CHAPTER IV

Europe Takes Form

325–529

I. BRITAIN BECOMES ENGLAND: 325–577

UNDER Roman rule every class in Britain flourished except the peasant proprietors. The large estates grew at the expense of small holdings; the free peasant was in many cases bought out, and became a tenant farmer, or a proletarian in the towns. Many peasants supported the Anglo-Saxon invaders against the landed aristocracy.1 Otherwise, Roman Britain prospered. Cities multiplied and grew, wealth mounted;2 many homes had central heating and glass windows;3 many magnates had luxurious villas. British weavers already exported those excellent woolens in which they still lead the world. A few Roman legions, in the third century, sufficed to maintain external security and internal peace.

But in the fourth and fifth centuries security was threatened on every front: on the north by the Picts of Caledonia; on the east and south by Norse and Saxon raiders; on the west by the unsubdued Celts of Wales and the adventurous Gaels and “Scots” of Ireland. In 364–7 “Scot” and Saxon coastal raids increased alarmingly; British and Gallic troops repelled them, but Stilicho had to repeat the process a generation later. In 381 Maximus, in 407 the usurper Constantine, took from Britain, for their personal purposes, legions needed for home defense, and few of these men returned. Invaders began to pour over the frontiers; Britain appealed to Stilicho for help (400), but he was fully occupied in driving Goths and Huns from Italy and Gaul. When a further appeal was made to the Emperor Honorius he answered that the British must help themselves as best they could.4 “In the year 409,” says Bede, “the Romans ceased to rule in Britain.”5

Faced with a large-scale invasion of Picts, the British leader Vortigern invited some North German tribes to come to his help.6 Saxons came from the region of the Elbe, Angles from Schleswig, Jutes from Jutland. Tradition—perhaps legend—reports that the Jutes arrived in 449 under the command of two brothers suspiciously named Hengist and Horsa—i.e., stallion and mare. The vigorous Germans drove back the Picts and “Scots,” received tracts of land as reward, noted the military weakness of Britain, and sent the joyful word to their fellows at home.7 Uninvited German hordes landed on Britain’s shores; they were resisted with more courage than skill; they alternately advanced and retired through a century of guerrilla war; finally the Teutons defeated the British at Deorham (577), and made themselves masters of what would later be called Angle-land—England. Most Britons thereafter accepted the conquest, and mingled their blood with that of the conquerors; a hardy minority retreated into the mountains of Wales and fought on; some others crossed the Channel and gave their name to Brittany. The cities of Britain were ruined by the long contest; transport was disrupted, industry decayed; law and order languished, art hibernated, and the incipient Christianity of the island was overwhelmed by the pagan gods and customs of Germany. Britain and its language became Teutonic; Roman law and institutions disappeared; Roman municipal organization was replaced by village communities. A Celtic element remained in English blood, physiognomy, character, literature, and art, but remarkably little in English speech, which is now a cross between German and French.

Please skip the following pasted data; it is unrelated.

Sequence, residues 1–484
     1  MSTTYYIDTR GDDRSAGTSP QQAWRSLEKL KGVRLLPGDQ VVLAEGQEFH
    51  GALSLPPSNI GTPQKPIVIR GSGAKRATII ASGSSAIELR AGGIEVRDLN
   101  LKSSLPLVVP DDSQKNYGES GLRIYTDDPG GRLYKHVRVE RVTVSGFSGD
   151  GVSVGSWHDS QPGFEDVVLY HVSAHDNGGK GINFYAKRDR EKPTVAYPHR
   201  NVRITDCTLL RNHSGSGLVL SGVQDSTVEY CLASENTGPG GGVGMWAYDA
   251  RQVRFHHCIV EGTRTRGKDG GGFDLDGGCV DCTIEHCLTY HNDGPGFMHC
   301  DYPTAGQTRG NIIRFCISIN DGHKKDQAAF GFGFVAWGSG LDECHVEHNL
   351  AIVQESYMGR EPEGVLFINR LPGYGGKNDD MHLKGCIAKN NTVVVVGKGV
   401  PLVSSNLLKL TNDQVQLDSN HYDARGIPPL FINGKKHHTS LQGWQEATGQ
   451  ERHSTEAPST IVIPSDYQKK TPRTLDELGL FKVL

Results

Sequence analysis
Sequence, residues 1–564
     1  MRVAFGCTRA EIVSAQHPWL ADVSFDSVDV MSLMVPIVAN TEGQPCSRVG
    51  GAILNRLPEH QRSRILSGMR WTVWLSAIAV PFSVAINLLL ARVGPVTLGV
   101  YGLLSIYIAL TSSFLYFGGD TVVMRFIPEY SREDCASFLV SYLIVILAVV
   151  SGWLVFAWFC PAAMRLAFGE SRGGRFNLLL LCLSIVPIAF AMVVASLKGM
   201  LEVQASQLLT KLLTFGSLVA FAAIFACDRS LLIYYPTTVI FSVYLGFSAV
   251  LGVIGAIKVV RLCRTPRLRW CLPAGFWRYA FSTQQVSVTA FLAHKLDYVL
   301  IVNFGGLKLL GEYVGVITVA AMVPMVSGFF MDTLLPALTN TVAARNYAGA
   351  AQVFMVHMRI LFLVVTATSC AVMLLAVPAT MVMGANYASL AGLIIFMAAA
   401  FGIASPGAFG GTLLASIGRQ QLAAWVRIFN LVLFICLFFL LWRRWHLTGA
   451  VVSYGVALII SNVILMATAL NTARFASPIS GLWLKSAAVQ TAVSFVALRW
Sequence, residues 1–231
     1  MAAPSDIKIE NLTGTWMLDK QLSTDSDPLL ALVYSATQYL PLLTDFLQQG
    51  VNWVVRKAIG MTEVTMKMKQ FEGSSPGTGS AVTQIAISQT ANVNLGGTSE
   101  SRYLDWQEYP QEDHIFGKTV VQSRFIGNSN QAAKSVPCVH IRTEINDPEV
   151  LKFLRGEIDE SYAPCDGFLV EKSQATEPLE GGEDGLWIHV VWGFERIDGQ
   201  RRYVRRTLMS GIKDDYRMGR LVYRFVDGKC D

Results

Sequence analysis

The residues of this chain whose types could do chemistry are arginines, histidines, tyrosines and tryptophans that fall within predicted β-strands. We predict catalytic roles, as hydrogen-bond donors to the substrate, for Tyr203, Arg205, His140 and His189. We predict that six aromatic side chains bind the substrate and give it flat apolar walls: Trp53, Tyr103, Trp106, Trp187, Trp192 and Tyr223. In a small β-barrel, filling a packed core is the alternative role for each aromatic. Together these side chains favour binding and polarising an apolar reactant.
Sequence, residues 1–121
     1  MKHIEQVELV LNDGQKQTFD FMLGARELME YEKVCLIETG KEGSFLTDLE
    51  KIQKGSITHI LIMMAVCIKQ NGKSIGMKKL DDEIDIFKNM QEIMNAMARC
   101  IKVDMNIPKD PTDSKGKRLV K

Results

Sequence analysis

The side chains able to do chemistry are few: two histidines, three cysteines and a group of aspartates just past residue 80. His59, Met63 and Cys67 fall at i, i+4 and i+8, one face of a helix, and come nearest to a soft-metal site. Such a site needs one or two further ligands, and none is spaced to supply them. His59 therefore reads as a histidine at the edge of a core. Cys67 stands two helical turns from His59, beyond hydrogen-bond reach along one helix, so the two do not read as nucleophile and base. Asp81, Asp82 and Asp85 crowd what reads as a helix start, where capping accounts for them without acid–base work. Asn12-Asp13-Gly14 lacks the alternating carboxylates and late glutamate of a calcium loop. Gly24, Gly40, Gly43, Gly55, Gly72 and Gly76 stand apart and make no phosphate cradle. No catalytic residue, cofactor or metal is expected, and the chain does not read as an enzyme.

If we would feel the fever of those bitter days we must turn from history to the legends of Arthur and his knights, and their mighty blows to “break the heathen and uphold the Christ.” St. Gildas, a Welsh monk, in a strange book, half history and half sermon, On the Destruction of Britain (546?), mentions a “siege of Mons Badonicus” in these wars; and Nennius, a later British historian (c. 796), tells of twelve battles that Arthur fought, the last at Mt. Badon near Bath.8 Geoffrey of Monmouth (1100?–54) provides romantic details: how Arthur succeeded his father Uther Pendragon as king of Britain, opposed the invading Saxons, conquered Ireland, Iceland, Norway, and Gaul, besieged Paris in 505, drove the Romans out of Britain, suppressed at great sacrifice of his men the rebellion of his nephew Modred, killed him in battle at Winchester, was himself mortally wounded there, and died “in the 542nd year of Our Lord’s incarnation.”9 William of Malmesbury (1090?–1143) informs us that

when Vortimer [Vortigern’s brother] died, the strength of the Britons decayed, and they would soon have perished altogether had not Ambrosius, the sole survivor of the Romans, … quelled the presumptuous barbarians with the powerful aid of the warlike Arthur. Arthur long upheld the sinking state, and roused the broken spirit of his countrymen to war. Finally, at Mt. Badon, relying on an image of the Virgin which he had affixed to his armor, he engaged 900 of the enemy single-handed, and dispersed them with incredible slaughter.10

Let us agree that it is incredible. We must be content with accepting Arthur as in essentials a vague but historical figure of the sixth century, probably not a saint, probably not a king.11 The rest we must resign to Chrétien of Troyes, the delectable Malory, and the chaste Tennyson.

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